An excellent study among experimental mice has reported very dramatic differences between the effects of alcohol administered in moderation on a daily basis and the same total weekly amount of alcohol administered on only two days of the week: (replicating binge drinking). The mice used in the study that were given regular moderate amounts of alcohol showed no weight gain, improved lipid values, and much less development of atherosclerosis than did control animals. However, those given alcohol in a binge-drinking pattern showed worse outcomes than control animals, and much worse outcomes than those given regular moderate doses of alcohol.
The authors examined the effect of daily-moderate (2 drinks/day, 7 days/week) and weekend-binge (7 drinks/day, 2 days/week) patterns of alcohol consumption on plasma lipid levels and physiological parameters of atherosclerotic plaque development This experimental study provides strong support for the frequent finding among humans in epidemiologic studies, that is: benefits from regular moderate drinking and adverse effects from binge drinking. It is especially important since, being an experimental study, the potential confounding effects of other lifestyle habits, such as smoking or poor diet, are not an issue, as is always the case for observational studies among humans.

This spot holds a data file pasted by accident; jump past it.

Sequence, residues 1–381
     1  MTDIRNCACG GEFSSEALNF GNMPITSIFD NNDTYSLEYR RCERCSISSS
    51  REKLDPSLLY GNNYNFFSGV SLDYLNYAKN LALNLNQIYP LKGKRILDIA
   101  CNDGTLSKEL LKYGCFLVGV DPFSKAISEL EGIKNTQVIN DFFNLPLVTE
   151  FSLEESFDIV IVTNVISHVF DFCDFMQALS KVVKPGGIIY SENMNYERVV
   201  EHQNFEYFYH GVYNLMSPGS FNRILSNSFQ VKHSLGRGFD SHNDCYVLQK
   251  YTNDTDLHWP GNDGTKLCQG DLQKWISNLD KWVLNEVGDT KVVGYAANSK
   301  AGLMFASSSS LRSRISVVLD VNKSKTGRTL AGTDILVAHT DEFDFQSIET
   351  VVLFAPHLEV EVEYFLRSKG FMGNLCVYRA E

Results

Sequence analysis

One Forum reviewer stated: "This is a very nice study, confirming in an animal model the biphasic nature of the effect of alcohol on progression of atherosclerosis. We are still far from tempting to suggest realistic mechanisms. On the other hand, the evidence perfectly fits the usual hormetic mechanism, where low doses regularly supplied are protective while high doses in a single shot are worsening the progression of disease." Another reviewer stated: "By controlled experiment it gives crisp and clear-cut results that are useful and intuitive when considering what we thought we knew, and what we may indeed do know. Cheers to the brave mice!" Still another Forum reviewer thought that it is good to have confirmation in a controlled experiment of what has been shown in epidemiologic studies. "It is nice to not have to agonize over smoking and other lifestyle factors that may confound results in human observational studies none of the mice were smokers."
|Contact: R. Curtis Ellison|
Boston University Medical Center